Document Type

Journal Article


Oxford University Press


Faculty of Health, Engineering and Science


School of Natural Sciences / Centre for Ecosystem Management




This is a pre-copyedited, author-produced PDF of an article accepted for publication in Journal Of Experimental Botany, following peer review. The version of record Drake, P., Froend, R. H., & Franks, P. (2013). Smaller, faster stomata: scaling of stomatal size, rate of response, and stomatal conductance. Journal Of Experimental Botany, 64(2), 495-505, is available online here.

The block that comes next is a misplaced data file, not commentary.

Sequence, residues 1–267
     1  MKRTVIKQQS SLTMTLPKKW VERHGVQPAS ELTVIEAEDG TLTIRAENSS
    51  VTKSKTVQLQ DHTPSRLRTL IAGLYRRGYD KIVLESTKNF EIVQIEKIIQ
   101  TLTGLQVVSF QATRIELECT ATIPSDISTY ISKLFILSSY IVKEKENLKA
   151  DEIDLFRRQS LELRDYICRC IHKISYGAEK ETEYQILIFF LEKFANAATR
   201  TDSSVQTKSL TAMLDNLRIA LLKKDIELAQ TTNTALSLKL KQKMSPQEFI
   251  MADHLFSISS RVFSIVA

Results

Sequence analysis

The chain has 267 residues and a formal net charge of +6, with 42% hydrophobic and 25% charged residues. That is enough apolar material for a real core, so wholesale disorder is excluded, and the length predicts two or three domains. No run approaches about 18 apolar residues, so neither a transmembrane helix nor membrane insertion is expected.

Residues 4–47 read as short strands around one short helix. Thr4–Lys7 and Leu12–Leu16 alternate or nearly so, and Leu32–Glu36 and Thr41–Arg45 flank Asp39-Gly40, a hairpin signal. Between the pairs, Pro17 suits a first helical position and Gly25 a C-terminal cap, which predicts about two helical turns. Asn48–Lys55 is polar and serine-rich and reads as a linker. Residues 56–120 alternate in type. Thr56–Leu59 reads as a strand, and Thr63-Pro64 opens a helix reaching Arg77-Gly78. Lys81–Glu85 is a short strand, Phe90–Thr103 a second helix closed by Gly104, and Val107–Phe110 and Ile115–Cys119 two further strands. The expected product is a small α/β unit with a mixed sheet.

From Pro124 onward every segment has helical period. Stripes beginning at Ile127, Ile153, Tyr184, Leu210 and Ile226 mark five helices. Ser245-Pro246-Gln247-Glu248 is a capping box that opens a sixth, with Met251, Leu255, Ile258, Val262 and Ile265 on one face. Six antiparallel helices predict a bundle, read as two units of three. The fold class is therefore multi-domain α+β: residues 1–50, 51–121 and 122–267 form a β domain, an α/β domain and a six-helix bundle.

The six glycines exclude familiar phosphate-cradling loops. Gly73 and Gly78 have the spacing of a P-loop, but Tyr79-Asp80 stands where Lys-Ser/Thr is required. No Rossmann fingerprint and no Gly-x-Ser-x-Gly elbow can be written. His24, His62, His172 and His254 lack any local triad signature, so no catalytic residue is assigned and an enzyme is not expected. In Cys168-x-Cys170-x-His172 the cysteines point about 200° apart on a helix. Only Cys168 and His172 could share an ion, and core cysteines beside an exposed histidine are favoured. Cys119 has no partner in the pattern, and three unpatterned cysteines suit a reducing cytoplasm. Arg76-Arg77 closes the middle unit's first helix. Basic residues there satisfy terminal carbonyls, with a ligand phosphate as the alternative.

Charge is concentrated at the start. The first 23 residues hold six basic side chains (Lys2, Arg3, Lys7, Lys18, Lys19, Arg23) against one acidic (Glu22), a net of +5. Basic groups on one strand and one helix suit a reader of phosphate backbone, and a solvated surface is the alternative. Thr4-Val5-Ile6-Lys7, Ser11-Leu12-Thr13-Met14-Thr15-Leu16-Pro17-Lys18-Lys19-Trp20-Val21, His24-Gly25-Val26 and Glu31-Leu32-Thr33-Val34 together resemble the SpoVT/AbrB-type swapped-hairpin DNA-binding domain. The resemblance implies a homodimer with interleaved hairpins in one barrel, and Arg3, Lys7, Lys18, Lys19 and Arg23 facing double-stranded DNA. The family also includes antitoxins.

Maximum and minimum stomatal conductance, as well as stomatal size and rate of response, are known to vary widely across plant species, but the functional relationship between these static and dynamic stomatal properties is unknown. The objective of this study was to test three hypotheses: (i) operating stomatal conductance under standard conditions (gop) correlates with minimum stomatal conductance prior to morning light [gmin(dawn)]; (ii) stomatal size (S) is negatively correlated with gop and the maximum rate of stomatal opening in response to light, (dg/dt)max; and (iii) gop correlates negatively with instantaneous water-use efficiency (WUE) despite positive correlations with maximum rate of carboxylation (Vc max) and light-saturated rate of electron transport (J max). Using five closely related species of the genus Banksia, the above variables were measured, and it was found that all three hypotheses were supported by the results. Overall, this indicates that leaves built for higher rates of gas exchange have smaller stomata and faster dynamic characteristics. With the aid of a stomatal control model, it is demonstrated that higher g op can potentially expose plants to larger tissue water potential gradients, and that faster stomatal response times can help offset this risk.



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